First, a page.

“Was it the wicked leaders who led innocent populations to slaughter, or was it wicked populations who chose leaders after their own hearts?”
― T.H. White,
“26 humans down there, at least visible,” said Ebony through my earpiece. “If there are more they are not in sight.”
“I estimate 100 Fallen, mostly Dregs and Shanks,” said Auburn – “Chatterbox”, Airanna had called her Ghost – floating over Arianna’s prone figure as she stared down the scope. For my part, I simply crouched and waited for status updates, suddenly wishing I had a sniper rifle.
“Only one walker,” she said after a moment. “If they have more they are at campsites elsewhere.” She lifted her head from the scope. “Well, this is an unexpected development. Odds are there are more humans in the compound.”
“Definitely tunnels beneath those huts,” Chatterbox confirmed. “Probably the majority of their population is down there.”
“How has a human settlement like this gone unnoticed for so long?” I asked.
“People are pretty ingenious when it comes to hiding,” said Arianna. “What I don’t understand is why it has drawn this kind of response from the Fallen – or why they haven’t simply bombed them out of existence. There’s nothing to indicate the tunnels are especially reinforced. A couple of walkers could make a few artillery strikes and bury them.”
“Maybe more than a couple,” said Chatterbox. “But it would not take much to seal everyone inside and starve them out.”
“And yet they lay siege,” Ebony mused.
“We need to get inside,” said Arianna. She looked at me.
“I can’t cloak all of us,” I said.
“No, but you can get a look.”
I nodded and loosened my hand cannon in its holster. “Be ready to make a distraction.”
“My specialty,” she assured me.
The humans were dressed in drab browns and furs. Although of dark complexions their skin had a washed-out look, as if they rarely saw sunlight, and in the cloudy daylight it made them seem wan and sickly. The weapons they carried were ancient in appearance, and their patrols were a shambling, inattentive affair, as if they were thoroughly bored at having to make an appearance. I slipped past them easily into the cluster of grass-covered huts.
“Probably the central structure,” said Ebony softly. We stole through the ramshackle excuse for a village to the center hut, only slightly larger than the rest. I tried the door – it was made of a flat black metal – and ducked inside. It was empty; a sloping ramp led into a symmetrical wound in the Earth that disappeared into darkness. Ebony took a moment to conduct a scan.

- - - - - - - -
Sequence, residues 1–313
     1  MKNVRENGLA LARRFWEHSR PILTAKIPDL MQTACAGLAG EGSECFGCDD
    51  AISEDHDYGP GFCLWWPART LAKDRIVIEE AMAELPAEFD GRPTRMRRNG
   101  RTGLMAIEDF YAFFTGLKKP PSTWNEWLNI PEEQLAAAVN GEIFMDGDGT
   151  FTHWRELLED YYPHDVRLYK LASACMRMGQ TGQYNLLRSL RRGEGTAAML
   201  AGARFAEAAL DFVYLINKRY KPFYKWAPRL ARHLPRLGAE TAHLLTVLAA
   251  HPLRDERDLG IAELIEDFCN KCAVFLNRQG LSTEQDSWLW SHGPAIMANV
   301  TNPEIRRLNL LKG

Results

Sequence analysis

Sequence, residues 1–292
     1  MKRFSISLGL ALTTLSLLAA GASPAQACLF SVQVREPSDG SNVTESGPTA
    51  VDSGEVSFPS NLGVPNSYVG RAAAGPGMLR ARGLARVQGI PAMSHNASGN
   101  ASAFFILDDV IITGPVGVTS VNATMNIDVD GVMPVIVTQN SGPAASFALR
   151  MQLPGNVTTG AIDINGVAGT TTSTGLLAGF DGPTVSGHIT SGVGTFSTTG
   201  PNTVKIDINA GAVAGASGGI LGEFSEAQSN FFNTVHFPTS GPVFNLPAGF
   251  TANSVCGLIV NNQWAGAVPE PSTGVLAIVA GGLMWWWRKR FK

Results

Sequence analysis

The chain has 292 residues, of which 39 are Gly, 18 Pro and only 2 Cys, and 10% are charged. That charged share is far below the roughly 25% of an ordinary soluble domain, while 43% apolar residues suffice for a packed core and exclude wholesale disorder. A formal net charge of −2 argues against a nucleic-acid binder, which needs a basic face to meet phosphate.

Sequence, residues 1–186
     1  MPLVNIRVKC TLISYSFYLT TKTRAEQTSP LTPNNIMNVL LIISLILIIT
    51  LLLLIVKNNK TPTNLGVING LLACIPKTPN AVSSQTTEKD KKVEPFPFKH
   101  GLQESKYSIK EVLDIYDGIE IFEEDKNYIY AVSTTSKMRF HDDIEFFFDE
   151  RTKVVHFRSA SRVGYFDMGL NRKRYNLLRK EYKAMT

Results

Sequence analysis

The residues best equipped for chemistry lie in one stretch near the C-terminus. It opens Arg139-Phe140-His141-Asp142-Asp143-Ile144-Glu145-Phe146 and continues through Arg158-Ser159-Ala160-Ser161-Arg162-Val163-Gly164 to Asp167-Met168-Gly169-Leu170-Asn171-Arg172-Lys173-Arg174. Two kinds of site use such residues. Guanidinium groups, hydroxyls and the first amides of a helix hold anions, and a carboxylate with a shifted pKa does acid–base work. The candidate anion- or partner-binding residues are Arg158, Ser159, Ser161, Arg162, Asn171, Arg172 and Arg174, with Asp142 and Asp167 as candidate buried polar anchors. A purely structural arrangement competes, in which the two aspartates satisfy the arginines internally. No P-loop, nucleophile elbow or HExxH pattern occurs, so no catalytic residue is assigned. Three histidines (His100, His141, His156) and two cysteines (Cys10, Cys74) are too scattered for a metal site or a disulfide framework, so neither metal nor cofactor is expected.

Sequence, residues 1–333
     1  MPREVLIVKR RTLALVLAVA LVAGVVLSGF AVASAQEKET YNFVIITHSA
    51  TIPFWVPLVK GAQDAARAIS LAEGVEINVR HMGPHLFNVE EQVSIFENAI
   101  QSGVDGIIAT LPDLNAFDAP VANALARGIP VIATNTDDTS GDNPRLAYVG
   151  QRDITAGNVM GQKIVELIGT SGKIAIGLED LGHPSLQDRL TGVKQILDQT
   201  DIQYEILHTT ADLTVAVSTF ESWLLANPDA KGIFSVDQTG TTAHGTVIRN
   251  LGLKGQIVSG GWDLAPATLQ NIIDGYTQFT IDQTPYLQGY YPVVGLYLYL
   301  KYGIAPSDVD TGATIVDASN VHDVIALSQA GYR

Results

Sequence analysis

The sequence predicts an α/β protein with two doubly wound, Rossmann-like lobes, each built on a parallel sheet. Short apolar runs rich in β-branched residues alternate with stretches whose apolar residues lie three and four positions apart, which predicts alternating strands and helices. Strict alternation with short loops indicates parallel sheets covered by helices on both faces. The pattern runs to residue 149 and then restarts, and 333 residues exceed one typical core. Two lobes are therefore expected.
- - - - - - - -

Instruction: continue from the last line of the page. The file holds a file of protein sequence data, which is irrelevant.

“I have a clear map of the tunnels,” he reported. “And…something else. A pretty big energy signature below…and it’s Dark.”
“The plot thickens,” quipped Chatterbox through the comm.
“Well,” I said turning back to the door, “we can probably – “
The door opened. A human walked in, saw me, and gave out a yelp. I lunged forward and seized his head in both hands, clamped 1 over his mouth and dragged him inside. I swore as I wrestled the human to the ground. I cut off his air supply long enough for him to stop struggling. “He’s out,” Ebony reported. I let him breathe again and slid his weapon away in case he woke up.
“What’s going on?” asked Arianna. “The patrols just stopped. Some of them are moving your way.”
I swore again and looked around, but there was nowhere to hide the unconscious man. “Local stumbled on us. I might need that distraction in a moment,” I said.
“Might not have to,” she replied. “The Fallen have noticed too. I see a detachment heading in now…most of the humans are heading back to the perimeter. You still have 3 going your way.“
“Need to do this quietly,” I said softly. I slipped down the tunnel until the shadows covered me and waited.
The 3 humans barreled through the door and noticed the unconscious man in the corner. They spoke rapidly to one another in a language I didn’t understand and knelt next to their comrade with their backs to me.
I knocked out the first with a blow to the side of the head, roundhouse kicked the next, and swept the third from his feet as he turned. The fall knocked the wind out of him and a sharp blow to the temple silenced him.
Sounds of weapons fire filtered through the walls of the hut.
“Morc, the humans are engaged with the Fallen. Stay there, I’ll join you while they’re distracted.“
I cracked open the door and peered through the huts toward the perimeter. Arc weapon bursts filled the air with the smell of burnt ozone and shouts from both sides echoed. I saw Arianna making her way forward: in her brown cloak and leathers she blended well with the background, and in the overcast day the light might have been low enough…
A shock grenade landed at Arianna’s feet with unnerving precision. She somersaulted over it and sprinted for the cover of the buildings, all pretense at stealth abandoned.
Shanks swarmed through the little village toward Arianna like a hive of bees. A shank passed by the door I was looking out of and turned toward me. I shot it, but not before it had fired a shot of its own and alerted its comrades.
“Morc, I’m cut off,” Arianna reported.
“Hang on,” I replied, shooting down another shank. I tried to cloak, and then a repeater shank opened fire, driving me away from the door I had been standing in.
A Dreg stepped in my way. I stabbed it and threw the body back. The gunfire continued, but they sounded purely like Fallen weapons now.
Arianna and I met a mere 25 meters from the central building and stood back to back as shanks and Dregs swarmed in on us, cutting off our avenues of escape.
“Well, this is going to be fun,” said Arianna cheerily. “You like music?”